For some reason, during this morning's 5.2 I found myself thinking of glimpses of the future. One of my kids likes to read the end of a mystery novel first in order to find out who will still be alive at the end of the story. She says she can enjoy the rest of the book better if she knows the ending. I don't get it--why ruin the tension and mystery? But what about real life. If you could get a 30 minute glimpse of your life five years from now or fifteen, would you want to see? How might it change the way that you live today? In a morbid moment, I wondered what if I look five years into the future and find that I'm dead? Would that change anything that I am doing now? If so, shouldn't I go ahead and make those changes? Why wait?

One of the reasons that I love running is that it gives me time to ponder questions like this that I otherwise would not have the freedom to consider.

P.S. My brother is going to run a half marathon with me in December (in Florida). I am excited about sharing the journey with him, as well as the event. Who knows, he may even grow to like running and then I will have more than a brother--a comrade for the roads. Cool thought.

Thursday, June 14, 2007

Slower to Go Faster

By about mile three of this morning's run I began wondering why everything felt so good. It felt as if I had just started out. Then I realized that yesterday was an official rest day. That one day of rest transformed today's run into a quicker and smoother experience. In the midst of focusing on training and putting in the miles, it is easy to lose touch with the incremental physical toll that such this training regimen is taking. A rest day is not only good for my body, but also for my mind. And planned rest is the best. If I miss a day because of weather or schedule, then I feel bad and tend to get down on myself. If rest is written in on the schedule, then I am free to be OK with not running that day.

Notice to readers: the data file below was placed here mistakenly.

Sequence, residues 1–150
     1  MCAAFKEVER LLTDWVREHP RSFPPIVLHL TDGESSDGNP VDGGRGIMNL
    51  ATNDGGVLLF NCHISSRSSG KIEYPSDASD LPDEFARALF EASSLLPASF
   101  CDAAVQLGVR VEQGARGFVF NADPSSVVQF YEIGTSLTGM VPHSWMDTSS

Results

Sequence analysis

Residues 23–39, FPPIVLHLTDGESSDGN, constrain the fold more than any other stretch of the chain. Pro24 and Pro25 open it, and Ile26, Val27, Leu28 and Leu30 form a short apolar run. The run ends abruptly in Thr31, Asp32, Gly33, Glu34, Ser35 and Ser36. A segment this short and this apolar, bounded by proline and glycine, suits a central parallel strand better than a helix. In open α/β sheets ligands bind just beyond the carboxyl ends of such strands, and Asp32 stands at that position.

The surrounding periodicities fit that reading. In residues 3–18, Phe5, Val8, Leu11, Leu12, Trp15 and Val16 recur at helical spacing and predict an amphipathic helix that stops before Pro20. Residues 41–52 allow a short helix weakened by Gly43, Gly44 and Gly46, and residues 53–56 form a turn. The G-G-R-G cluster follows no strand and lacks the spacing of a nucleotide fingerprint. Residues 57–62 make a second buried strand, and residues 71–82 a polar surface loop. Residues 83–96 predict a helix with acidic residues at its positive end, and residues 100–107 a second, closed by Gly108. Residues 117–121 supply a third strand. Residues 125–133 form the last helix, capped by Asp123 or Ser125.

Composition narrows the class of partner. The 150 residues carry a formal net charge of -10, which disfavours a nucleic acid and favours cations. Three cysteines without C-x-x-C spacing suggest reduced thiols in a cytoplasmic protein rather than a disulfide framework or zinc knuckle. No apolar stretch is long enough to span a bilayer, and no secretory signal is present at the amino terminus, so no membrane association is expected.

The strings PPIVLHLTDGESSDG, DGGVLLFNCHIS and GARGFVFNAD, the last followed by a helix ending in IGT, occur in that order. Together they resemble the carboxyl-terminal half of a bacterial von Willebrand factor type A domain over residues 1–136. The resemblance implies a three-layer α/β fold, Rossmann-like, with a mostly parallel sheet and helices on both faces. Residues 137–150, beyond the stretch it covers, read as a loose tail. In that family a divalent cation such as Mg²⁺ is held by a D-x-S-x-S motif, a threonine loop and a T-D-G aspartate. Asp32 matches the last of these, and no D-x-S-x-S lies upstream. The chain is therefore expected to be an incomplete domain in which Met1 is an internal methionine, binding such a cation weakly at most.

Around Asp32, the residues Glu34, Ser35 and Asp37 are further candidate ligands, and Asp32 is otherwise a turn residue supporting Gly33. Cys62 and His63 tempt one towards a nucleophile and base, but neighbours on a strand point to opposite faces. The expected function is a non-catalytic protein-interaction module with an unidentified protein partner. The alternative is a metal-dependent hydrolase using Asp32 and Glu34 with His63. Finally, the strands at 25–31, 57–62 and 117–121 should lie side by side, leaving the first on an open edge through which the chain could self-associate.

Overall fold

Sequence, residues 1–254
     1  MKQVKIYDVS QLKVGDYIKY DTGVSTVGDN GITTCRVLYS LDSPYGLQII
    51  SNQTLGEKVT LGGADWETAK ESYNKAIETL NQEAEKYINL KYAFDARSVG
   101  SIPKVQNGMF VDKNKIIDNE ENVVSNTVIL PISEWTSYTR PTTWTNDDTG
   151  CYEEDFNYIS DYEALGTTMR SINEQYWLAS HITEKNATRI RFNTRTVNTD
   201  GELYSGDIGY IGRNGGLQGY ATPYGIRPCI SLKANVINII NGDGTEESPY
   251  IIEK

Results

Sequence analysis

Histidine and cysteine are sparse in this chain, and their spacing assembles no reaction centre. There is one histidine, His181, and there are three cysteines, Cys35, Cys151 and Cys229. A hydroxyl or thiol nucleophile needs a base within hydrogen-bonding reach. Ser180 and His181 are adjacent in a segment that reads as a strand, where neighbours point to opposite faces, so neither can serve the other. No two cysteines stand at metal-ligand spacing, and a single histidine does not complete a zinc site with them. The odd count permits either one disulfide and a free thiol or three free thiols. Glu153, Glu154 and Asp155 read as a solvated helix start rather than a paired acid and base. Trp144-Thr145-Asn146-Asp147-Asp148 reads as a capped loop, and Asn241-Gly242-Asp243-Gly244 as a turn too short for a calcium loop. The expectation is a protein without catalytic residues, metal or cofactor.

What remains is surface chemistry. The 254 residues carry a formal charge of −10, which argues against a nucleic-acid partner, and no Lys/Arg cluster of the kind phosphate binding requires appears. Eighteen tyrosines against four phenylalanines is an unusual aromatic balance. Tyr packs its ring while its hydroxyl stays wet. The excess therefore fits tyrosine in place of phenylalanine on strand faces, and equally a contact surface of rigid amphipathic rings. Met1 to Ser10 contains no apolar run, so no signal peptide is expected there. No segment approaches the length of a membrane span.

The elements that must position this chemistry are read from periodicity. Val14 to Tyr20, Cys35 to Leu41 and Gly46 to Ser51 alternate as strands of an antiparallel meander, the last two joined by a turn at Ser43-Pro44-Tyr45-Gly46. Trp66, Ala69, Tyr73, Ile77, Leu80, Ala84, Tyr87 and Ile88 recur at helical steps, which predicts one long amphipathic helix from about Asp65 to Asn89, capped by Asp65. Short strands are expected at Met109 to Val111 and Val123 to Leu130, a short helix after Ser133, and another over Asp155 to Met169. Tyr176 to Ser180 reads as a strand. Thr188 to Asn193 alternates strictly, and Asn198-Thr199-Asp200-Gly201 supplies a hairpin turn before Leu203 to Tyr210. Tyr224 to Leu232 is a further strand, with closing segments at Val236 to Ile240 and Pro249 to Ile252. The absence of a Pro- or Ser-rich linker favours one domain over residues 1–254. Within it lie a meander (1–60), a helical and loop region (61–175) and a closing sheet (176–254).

I wonder how many people are functioning in daily life with little or no rest. Not so much a vacation, but rest in the midst of regular life. That is something that I need to get proficient with--how to get sufficient rest in the midst of work and family obligations to stay at the top of my game (such as that is). "Daily rest" must fit within the structures of the rest of life or it will get squeezed out by other responsibilities.

Jim Anderson from the NCD-EFCA ran a sabbath retreat that I attended where he tried to convince us of the value of regular sabbath time. Sometimes I think that I should have paid more attention.

Tuesday, June 12, 2007

Free Thought Zone

Some people look at runners and think that our experience is a mind-numbing repetition--left, right, left, right ... It is true that running does not necessarily require a lot of attention, but I usually find it to be mind-freeing. Last Friday I got to go flying in a Cessna 172--an early Fathers Day gift (props to all!). It was thrilling to fly the plane for much of the flight, including the landing, but it was attention intensive. No time for daydreaming. Between watching for other aircraft, watching the instruments, watching where I was going, and trying to give my Dad a smooth ride, it required all of the attention that I could give. This morning's run was different.

I could think about the work day to come, our upcoming vacation, what to see in Washington, D.C., how to find someone to embroider the 50th anniversary shirts, what needs to get fixed on my truck, whether any of my kids will go to DePauw (my alma mater), you get the idea. In the course of 5.2 miles, I can think a lot of thoughts. The running route was familiar, so I didn't even need to think about where I was going. The freedom is wonderful--and right outside my front door. I also enjoy the freedom to think while there is nothing else that I should be doing. There will be time later in the day for work, family, and other responsibilities. While I run I can let my thoughts go wherever they want to go--and enjoy the journey.